Exclusive: WidowPC Sting 517D2: GeForce 8800M GTX Benchmarksby Jarred Walton on January 7, 2008 12:00 PM EST
- Posted in
The WidowPC Sting 517D2 looks like a true gaming enthusiast notebook, graced naturally with a black widow logo. While we are officially reviewing the WidowPC 517D2, however, it's worth noting that the chassis is provided by a major notebook ODM, who also supplies an essentially identical notebook chassis to a number of other companies. NVIDIA showed us a couple notebooks back in October from different manufacturers, but other than a few cosmetic changes the two units were the same. Not all companies will use this exact chassis, of course, but if you look at the images and they appear to be the same as what we're showing, you're likely getting the same system. Where the differences come is going to be in other less-tangible areas - warranty and support, pricing, availability, build times, configuration options, etc.
Since pictures are worth a thousand words, we're going to dispense with about 8000 words of filler text here and just include some shots of the system from various angles. It's an attractive unit with a chassis typical of what you find in 17" gaming/desktop replacement notebooks. It comes with a brushed aluminum top adorned with a black widow, one hard drive bay, two memory slots, and a very fast GPU.
If you're after even more performance, WidowPC also offers an even larger notebook chassis that includes room for up to three 2.5" hard drive bays and the option to run dual 8800M GTX SLI. The price for the Sting 917D is naturally higher, the system is heavier, and battery life will be quite a bit lower. The 917D uses desktop CPUs and WidowPC offers several quad-core options along with the dual-core E6750. The 517D2 is already pushing the limits of what most people are willing to accept in terms of battery life (as we'll see later), so it's really more of a transportable DTR as opposed to a mobile computer. The big brother 917D just takes that philosophy a step further.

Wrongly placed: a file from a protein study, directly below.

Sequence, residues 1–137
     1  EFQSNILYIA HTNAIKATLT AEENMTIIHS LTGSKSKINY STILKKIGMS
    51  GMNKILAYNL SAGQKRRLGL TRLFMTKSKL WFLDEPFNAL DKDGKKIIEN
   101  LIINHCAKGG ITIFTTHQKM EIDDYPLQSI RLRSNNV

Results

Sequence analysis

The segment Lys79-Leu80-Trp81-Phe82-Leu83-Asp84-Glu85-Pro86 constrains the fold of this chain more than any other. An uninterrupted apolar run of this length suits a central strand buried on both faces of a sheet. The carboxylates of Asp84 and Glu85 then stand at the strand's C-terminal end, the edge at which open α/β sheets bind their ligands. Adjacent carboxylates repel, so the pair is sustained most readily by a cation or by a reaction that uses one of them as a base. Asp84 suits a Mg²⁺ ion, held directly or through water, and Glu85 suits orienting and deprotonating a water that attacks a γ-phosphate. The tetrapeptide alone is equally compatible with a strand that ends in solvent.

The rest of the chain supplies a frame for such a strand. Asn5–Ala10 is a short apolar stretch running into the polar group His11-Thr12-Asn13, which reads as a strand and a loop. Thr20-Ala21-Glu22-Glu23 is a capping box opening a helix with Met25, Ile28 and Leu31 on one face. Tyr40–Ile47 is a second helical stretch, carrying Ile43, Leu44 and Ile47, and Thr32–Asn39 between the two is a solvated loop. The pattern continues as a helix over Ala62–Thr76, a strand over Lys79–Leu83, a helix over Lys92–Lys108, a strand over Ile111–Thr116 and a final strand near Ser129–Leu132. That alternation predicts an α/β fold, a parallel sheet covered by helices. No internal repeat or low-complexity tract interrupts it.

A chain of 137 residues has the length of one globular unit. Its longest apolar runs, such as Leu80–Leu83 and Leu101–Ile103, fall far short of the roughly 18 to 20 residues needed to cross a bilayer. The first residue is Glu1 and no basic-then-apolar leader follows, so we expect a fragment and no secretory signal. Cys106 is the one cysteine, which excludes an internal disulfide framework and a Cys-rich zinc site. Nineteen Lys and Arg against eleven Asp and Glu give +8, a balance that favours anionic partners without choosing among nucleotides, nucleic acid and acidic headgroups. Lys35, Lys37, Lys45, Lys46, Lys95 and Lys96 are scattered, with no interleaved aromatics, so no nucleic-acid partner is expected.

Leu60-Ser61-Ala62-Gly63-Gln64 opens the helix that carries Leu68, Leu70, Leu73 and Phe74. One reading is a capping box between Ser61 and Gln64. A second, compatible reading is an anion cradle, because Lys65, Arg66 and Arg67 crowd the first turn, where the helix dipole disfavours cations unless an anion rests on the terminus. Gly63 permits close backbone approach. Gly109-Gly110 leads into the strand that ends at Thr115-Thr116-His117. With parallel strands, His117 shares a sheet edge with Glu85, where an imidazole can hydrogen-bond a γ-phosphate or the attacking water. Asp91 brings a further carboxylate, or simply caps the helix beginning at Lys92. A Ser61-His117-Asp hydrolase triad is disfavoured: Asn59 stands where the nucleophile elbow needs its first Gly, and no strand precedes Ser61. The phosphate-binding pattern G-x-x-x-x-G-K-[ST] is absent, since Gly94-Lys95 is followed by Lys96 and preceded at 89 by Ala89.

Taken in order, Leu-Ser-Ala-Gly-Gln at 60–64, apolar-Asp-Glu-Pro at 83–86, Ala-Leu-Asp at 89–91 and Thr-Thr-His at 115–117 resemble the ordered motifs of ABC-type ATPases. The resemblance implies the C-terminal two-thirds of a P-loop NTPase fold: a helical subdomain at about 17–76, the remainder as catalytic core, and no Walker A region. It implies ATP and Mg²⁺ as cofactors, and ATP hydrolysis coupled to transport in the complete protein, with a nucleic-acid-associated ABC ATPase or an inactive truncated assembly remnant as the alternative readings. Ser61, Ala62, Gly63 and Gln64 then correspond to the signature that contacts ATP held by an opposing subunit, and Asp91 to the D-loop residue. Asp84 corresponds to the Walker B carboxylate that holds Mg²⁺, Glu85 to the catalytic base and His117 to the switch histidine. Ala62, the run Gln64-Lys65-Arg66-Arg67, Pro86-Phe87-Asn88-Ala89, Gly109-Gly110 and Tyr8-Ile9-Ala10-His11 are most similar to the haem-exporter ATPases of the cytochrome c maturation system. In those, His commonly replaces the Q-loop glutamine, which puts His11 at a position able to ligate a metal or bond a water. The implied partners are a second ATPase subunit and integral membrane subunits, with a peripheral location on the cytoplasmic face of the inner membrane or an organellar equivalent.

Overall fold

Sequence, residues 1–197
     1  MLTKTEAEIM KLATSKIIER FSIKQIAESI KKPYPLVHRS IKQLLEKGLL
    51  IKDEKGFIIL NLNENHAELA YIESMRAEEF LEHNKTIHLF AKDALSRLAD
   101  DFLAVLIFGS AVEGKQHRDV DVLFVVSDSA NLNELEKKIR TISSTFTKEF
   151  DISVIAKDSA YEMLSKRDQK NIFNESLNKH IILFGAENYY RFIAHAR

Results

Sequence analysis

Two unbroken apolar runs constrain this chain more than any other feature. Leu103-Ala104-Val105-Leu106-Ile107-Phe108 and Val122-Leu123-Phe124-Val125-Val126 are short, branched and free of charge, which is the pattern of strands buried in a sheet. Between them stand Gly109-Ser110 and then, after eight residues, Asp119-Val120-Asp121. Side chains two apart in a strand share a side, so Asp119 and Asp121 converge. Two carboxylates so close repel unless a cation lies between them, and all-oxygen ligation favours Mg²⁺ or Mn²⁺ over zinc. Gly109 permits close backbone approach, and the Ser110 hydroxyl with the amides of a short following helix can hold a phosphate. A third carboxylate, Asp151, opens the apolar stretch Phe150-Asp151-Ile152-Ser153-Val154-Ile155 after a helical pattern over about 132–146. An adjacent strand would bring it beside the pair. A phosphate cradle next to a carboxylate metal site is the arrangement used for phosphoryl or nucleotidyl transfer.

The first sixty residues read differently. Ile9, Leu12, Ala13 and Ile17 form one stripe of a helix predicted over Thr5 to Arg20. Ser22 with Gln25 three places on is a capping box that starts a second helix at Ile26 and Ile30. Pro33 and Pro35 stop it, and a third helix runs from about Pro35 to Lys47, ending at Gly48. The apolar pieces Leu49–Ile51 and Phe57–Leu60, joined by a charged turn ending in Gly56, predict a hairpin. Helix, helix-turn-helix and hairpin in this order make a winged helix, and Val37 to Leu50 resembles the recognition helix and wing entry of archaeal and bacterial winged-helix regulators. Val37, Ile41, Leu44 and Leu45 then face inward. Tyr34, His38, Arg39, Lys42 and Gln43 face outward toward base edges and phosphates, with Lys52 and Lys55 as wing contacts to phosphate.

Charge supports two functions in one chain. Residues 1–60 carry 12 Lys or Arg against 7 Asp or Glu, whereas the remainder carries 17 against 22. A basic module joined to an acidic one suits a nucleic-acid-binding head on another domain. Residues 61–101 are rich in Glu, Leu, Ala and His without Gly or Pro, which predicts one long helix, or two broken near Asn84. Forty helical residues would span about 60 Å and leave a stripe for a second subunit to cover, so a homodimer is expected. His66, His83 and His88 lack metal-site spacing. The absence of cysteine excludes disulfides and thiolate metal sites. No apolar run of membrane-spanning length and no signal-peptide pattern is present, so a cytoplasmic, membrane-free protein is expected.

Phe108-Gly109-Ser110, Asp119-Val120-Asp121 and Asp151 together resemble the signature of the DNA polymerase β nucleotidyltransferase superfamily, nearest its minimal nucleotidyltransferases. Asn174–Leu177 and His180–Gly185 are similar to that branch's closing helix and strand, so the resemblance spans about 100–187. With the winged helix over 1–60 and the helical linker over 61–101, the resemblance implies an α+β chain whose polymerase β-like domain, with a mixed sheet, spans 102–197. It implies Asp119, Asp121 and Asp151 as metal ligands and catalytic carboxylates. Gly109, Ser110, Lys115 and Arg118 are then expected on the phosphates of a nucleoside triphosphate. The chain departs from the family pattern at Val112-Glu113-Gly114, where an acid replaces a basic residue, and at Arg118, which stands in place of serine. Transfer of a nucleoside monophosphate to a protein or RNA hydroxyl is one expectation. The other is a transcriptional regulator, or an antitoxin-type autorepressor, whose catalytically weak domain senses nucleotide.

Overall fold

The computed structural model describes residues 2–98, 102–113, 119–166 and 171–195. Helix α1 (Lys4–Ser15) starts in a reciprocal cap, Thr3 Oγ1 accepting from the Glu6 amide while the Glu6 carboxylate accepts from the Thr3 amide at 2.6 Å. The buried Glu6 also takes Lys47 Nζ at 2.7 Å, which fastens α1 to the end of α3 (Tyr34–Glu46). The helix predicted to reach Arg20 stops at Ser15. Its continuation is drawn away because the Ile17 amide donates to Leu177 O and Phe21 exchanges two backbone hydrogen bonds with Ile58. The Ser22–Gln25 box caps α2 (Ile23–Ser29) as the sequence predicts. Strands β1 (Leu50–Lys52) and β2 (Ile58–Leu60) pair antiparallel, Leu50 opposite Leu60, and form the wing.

What sort of person actually wants or needs a $3000+ gaming notebook? Certainly, many would be better served by forgetting about mobile gaming and simply purchasing a reasonable "serious" laptop for mobile use and using a faster and less expensive desktop for gaming purposes. A $2000 desktop PC packs quite a punch these days, and paired with a reasonable $1000 laptop you would end up with two computers that are better suited to specific tasks. However, not everyone benefits from such a setup. If you like to be able to move your PC around the house at will, or if you live in cramped quarters, you might want a single DTR setup like the 517D2. Small college dorms might not have a lot of room for a full desktop system - especially if you have roommates - and people that are on the road a lot will appreciate something they can easily pack along for those times when you absolutely have to get your gaming fix away from home. LAN party goers might also like having a gaming notebook.